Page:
Monthly Archives: March 2016

Working in a Nursing Home

Hi everyone,

Today I’m going to talk about my weekly work in a nursing home near where I go to school. Every Tuesday for about 2 hours myself and a few other girls go straight from school to a nursing home for predominantly women with roughly 15 residents. I started visiting in early September and I have had the opportunity to experience a multitude of situations and has caused me to become very interested in this element of medicine.

One of the ladies who is particularly dear to my heart at the nursing home is a lady called Catherine*. We bonded over our mutual love of cats and she takes pride in looking after the residential cat, Daisy. Unfortunately Catherine has been suffering from a dislocated shoulder for over 5 years now in addition to a permanently broken wrist. Only recently she told me how she received these injuries, and she had fallen down the stairs. However since her husband had passed away several years earlier, no one was there to call the ambulance and she lay there for hours in pain. After inquiring with one of the nurses I found out that Catherine was in fact suffering from a separated shoulder and nothing could be done due to her poor bone strength ¬†and the risks that surgery could pose to her. She was on several painkillers and drugs to improve bone density, including Actonel with Calcium. After having to take this for several years however, Catherine has recently been told by the doctor she can come off her medication. Unfortunately however she can no longer lift her right arm above her head and a once fantastic artist can’t even grip a pencil properly.

I think I would be on the verge of psychopathic if I didn’t feel emotional witnessing someone like Catherine suffering through such great pain every day and no one being able to help her. I feel like these experiences not only fuel my determination to be in a position to help people but affirm my desire to work with people.

The nursing home can be a really sad place and I feel that the presence of young people really does make many of the residence’s week. Many of the ladies always give us a really warm welcome, even though many of them don’t remember our names or tell us the same childhood story. Their enthusiasm on good days is uncomparable, however there are some not very good days and it would be unrealistic to assume otherwise.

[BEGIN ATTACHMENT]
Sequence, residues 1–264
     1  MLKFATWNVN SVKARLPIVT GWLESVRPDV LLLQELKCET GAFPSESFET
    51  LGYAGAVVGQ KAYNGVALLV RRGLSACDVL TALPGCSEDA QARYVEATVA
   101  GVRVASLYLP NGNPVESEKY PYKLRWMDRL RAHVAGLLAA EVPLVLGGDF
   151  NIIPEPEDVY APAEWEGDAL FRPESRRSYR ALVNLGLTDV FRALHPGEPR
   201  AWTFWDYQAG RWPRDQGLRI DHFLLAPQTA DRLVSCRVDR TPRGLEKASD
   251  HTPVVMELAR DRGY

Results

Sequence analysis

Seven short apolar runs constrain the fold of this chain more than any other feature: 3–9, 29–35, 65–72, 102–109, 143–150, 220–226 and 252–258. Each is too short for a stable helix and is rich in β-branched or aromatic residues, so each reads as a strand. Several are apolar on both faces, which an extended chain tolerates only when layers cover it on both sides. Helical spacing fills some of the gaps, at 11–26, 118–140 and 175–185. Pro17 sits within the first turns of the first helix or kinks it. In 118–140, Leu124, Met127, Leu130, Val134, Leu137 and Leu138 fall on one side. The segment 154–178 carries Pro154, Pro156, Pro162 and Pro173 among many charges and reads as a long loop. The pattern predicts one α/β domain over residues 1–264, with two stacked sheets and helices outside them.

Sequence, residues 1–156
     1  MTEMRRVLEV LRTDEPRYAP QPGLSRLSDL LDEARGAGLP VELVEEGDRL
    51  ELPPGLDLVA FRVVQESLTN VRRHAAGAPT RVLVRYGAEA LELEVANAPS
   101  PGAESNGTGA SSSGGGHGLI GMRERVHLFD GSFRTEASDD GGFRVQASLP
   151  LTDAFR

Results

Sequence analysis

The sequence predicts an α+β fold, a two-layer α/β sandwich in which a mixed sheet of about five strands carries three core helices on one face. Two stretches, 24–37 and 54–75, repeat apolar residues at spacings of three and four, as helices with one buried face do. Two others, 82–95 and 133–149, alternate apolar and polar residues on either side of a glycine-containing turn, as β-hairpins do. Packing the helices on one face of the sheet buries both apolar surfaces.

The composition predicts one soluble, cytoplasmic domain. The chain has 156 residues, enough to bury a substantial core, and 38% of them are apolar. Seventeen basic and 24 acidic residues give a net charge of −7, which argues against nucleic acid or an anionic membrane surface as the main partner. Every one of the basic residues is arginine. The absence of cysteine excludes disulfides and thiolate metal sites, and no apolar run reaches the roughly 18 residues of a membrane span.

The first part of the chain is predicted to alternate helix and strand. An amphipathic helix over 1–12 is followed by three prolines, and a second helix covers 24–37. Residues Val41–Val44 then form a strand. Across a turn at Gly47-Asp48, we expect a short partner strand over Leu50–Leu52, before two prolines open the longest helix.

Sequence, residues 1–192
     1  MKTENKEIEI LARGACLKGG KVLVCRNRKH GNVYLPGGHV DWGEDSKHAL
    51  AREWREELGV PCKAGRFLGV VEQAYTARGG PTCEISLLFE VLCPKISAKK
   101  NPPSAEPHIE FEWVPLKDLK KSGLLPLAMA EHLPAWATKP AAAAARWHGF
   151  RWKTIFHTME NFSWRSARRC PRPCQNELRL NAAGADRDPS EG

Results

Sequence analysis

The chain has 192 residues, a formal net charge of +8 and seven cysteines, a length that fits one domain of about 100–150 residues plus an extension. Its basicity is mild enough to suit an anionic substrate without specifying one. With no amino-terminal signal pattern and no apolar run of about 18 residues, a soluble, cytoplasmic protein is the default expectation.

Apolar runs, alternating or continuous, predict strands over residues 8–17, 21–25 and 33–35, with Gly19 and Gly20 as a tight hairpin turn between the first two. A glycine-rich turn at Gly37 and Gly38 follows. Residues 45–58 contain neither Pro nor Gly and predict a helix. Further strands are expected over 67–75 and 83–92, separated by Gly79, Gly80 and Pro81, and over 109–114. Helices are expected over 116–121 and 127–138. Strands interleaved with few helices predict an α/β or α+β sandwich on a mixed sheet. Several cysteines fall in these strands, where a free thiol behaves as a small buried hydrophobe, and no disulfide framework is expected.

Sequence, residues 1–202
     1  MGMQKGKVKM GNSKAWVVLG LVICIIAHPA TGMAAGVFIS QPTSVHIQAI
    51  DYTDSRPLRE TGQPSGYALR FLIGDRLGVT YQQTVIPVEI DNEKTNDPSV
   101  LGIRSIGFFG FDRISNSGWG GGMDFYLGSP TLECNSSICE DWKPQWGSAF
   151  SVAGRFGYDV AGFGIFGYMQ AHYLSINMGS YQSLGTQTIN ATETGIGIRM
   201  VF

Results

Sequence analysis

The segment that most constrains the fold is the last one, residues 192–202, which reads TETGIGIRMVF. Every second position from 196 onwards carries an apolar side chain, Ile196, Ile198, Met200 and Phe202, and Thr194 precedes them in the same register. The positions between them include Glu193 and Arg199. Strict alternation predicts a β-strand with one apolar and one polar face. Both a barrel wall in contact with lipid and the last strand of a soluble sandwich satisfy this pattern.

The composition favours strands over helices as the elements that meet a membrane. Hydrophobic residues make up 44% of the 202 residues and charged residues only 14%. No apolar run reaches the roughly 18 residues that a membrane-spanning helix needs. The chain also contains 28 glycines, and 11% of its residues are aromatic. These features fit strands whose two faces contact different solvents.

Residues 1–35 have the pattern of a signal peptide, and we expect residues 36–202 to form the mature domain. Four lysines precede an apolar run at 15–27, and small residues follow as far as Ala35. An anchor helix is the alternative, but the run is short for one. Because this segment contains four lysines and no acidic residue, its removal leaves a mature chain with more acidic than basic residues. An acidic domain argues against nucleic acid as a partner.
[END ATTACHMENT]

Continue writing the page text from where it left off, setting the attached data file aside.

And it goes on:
Several incidents stick out for me including when a fight ensued among two of the residents, both of which have cognitive impairment, possibly due to degenerative diseases. One of the ladies whose speech ability is almost non-existent grabbed another ladies zimmaframe whilst I was helping her into the next room. The lady I was assisting was obviously displeased and began to shout, causing the other lady to join her. A nurse came to help diffuse the situation but in those moments I felt almost helpless and had a moment of panic. What could I do?

Another incident occurred today actually. A resident called Dolly* who is usually a very coherent lovely lady had a bad day. I knew from speaking with the nurses (who are real life superheroes lest I forget) that she was severely diabetic and saw the doctor every day for checkups. Today she must have been frustrated and angry and whatever set her off she was adamant that she wanted to leave the home. She stood at the door barring our exit and quarrelled profusely with one of the nurses. Soon there were threatening language towards the nurse and even with the nurse coercing her, Dolly would not be moved. From the nurses point of view it was a frustrating situation but Dolly was probably homesick and angry. It really highlighted for me that medicine will be full of frustration and true patience is required when entering into this field.

While I will continue to work at this particular nursing home up until my summer holidays in July, I thought I would write about just a few of my experiences so far and maybe in the future I can look back and see how far I have come in terms of my own self growth on my journey towards medical school. The sad truth about these nursing homes is that death is a reality and many of these people arrive here feeling that their fate is sealed. I hope that by helping out and having a conversation with some of these ladies that I, and the girls I visit with, can take their mind off this daunting reality, even if it is for a few hours in a day.

Thank you for reading and come back soon!

Alannah

*names were changed